Quick Links

Respect for Reed from those who know


Respect for Reed from those who know

The Cowboys have a veteran and a younger player starting at the safeties, and they both express a lot of respect for the man who has been the pre-eminent player at the position for most of his career, the Ravens' Ed Reed.

Danny McCray, in his third NFL season, views Reed -- whom he'll see up close when the Ravens and Cowboys play Sunday -- as the prototype.

When I was coming up, it was like, you mention safety and you hear Sean Taylor and you hear Ed Reed, McCray told dallascowboys.com. He lived up to everything that everybody said about him: always around the ball, great player, smart player. You model your game around anybody, its Ed Reed.

The Cowboys' other safety, Gerald Sensabaugh, is playing in his eighth season, having entered the NFL three years after Reed's rookie season in 2002.

Probably the biggest playmaker Ive seen since Ive been in the league, Sensabaugh said. Hes able to get a lot of turnovers, able to get to the football all kinds of ways, playing the deep middle or just playing different coverages. Hes a turnover machine. Hes always good for eight-plus picks, and thats a goal Ive tried to reach.

As players whose job it is to be around the ball, they recognize how Reed makes his instincts pay off.

His awareness and knowing where the ball is going to be and then finishing the play, McCray said. You see a lot of good players that can get to the ball, but they cant finish the play. He knows where the ball is going and when its in the air he goes and gets it.

And then there is the thing that Ravens fans have seen so often -- how Reed seems to appear from nowhere.

"He knows exactly where the quarterback is going," Sensabaugh said, "and he knows how to hide so the quarterback wont be able to see him then he capitalizes."

But Reed never hides for long.

Quick Links

Ravens sign Crabtree to three-year deal

USA Today Sports Images

Ravens sign Crabtree to three-year deal

The Baltimore Ravens have signed WR Michael Crabtree to a three-year deal on Friday according to general manager and executive vice president Ozzie Newsome.

The deal is apparently worth $21 million, according to Adam Shefter.

After being released by the Raiders Thursday following the signing of Jordy Nelson, Crabtree heads to the Ravens less than 24 hours later.


The 31-year-old is coming off a 2017 season when he recorded 58 receptions for 618 yards and eight touchdowns. In 2016 he posted 89 receptions for 1,003 yards and eight touchdowns.

Since 2015, the Texas Tech product has scored 25 receiving touchdowns, the fifth-most in the NFL. Crabtree and Steelers WR Antonio Brown are the only NFL players to post at least eight touchdown catches in each of the past three seasons.


In all, Crabtree has played nine NFL seasons – six of them with San Francisco (2009-14) and three with Oakland (2015-17). The former first-round draft pick (10th overall, Texas Tech) has registered 579 receptions for 6,870 yards (11.9 avg.) and 51 touchdowns in 125 career games (122 starts).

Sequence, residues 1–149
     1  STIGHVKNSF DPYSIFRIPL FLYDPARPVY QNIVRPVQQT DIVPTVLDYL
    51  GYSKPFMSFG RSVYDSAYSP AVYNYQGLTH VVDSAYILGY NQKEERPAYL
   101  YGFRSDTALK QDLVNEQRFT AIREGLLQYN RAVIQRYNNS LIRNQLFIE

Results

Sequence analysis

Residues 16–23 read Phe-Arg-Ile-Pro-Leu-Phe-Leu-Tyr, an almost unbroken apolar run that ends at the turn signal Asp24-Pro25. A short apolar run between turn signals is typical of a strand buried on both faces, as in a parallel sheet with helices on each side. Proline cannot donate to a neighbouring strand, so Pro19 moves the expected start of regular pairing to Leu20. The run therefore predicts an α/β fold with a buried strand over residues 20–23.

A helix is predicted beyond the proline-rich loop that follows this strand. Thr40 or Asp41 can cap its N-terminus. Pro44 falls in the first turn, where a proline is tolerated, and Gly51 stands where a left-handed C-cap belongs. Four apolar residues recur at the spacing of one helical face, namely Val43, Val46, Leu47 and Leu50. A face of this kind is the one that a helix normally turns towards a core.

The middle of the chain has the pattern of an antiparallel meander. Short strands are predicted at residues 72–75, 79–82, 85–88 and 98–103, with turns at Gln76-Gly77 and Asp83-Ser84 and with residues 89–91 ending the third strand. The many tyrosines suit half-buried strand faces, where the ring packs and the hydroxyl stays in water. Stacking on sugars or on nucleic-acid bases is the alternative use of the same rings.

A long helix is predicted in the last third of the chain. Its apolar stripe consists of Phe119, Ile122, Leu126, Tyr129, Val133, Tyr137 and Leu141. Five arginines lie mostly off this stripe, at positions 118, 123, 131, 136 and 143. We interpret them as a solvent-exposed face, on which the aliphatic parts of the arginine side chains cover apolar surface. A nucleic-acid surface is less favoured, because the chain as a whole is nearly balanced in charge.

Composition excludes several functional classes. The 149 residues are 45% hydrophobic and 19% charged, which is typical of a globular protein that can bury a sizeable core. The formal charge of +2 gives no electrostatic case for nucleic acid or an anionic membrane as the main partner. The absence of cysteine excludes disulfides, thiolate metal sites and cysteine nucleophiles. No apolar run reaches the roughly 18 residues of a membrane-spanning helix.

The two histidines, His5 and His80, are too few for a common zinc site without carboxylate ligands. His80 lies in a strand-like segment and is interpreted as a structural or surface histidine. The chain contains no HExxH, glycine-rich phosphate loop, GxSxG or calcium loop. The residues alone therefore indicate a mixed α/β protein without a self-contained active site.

“Michael has played very well against the Ravens, so we know firsthand the attributes he brings to the game,” Newsome said in a team statement. “He is a smart, tough, physical receiver who battles for the ball. We like his temperament and believe he is a good fit for our football team, on and off the field.”

Since he entered the NFL in 2009, Crabtree’s 51 receiving scores rank 10th among active wide receivers, while his receptions (579) are seventh, and his receiving yards (6,870) are 12th.

Quick Links

Ryan Grant's health issue and why the Ravens couldn't control voiding his contract

USA TODAY Sports Images

Ryan Grant's health issue and why the Ravens couldn't control voiding his contract

The most obvious move in the NFL this offseason was the Ravens signing a new wide receiver (or three). It was less obvious why the team decided to commit so much money to former Redskins receiver Ryan Grant.

Grant has long been beloved by his coaches and teammates, but the results have never been there on game day. He has some potential to improve if given a larger role in a team's offense, which he likely would have had in Baltimore, but it never made much sense to offer him a 4-year contract worth nearly 30 million, with $14.5 million guaranteed.

Thankfully for fans who were uninspired by the reported agreement, Grant was unable to pass his physical and will not be joining the team.


At a press conference Friday morning, GM Ozzie Newsome called the void a "medical decision" that Newsome had no control over. 

NFL insider Ian Rapoport reported that Grant is recovering from a Grade 2 sprained ankle that would need two months rest.

You have to feel for Grant, who by all accounts has worked his tail off for many years just waiting for his chance. It's never easy missing out on nearly $15 million dollars guaranteed, but Grant should be able to find work with another team.

The timing of this news, coming so soon after former Raider Michael Crabtree became available, seemed fishy to some.

At Friday's press conference, Newsome also said the team would have still pursued Crabtree if they signed Grant. 

It's probably not fair to suggest that an NFL franchise would actually so publicly back out of a deal just because another option came along, as any team with that reputation would struggle to attract future free agents. That said, it could end up working out splendidly for the team.

Besides, if all else is equal, shouldn't a team located in Baltimore be going after a guy named CRABtree?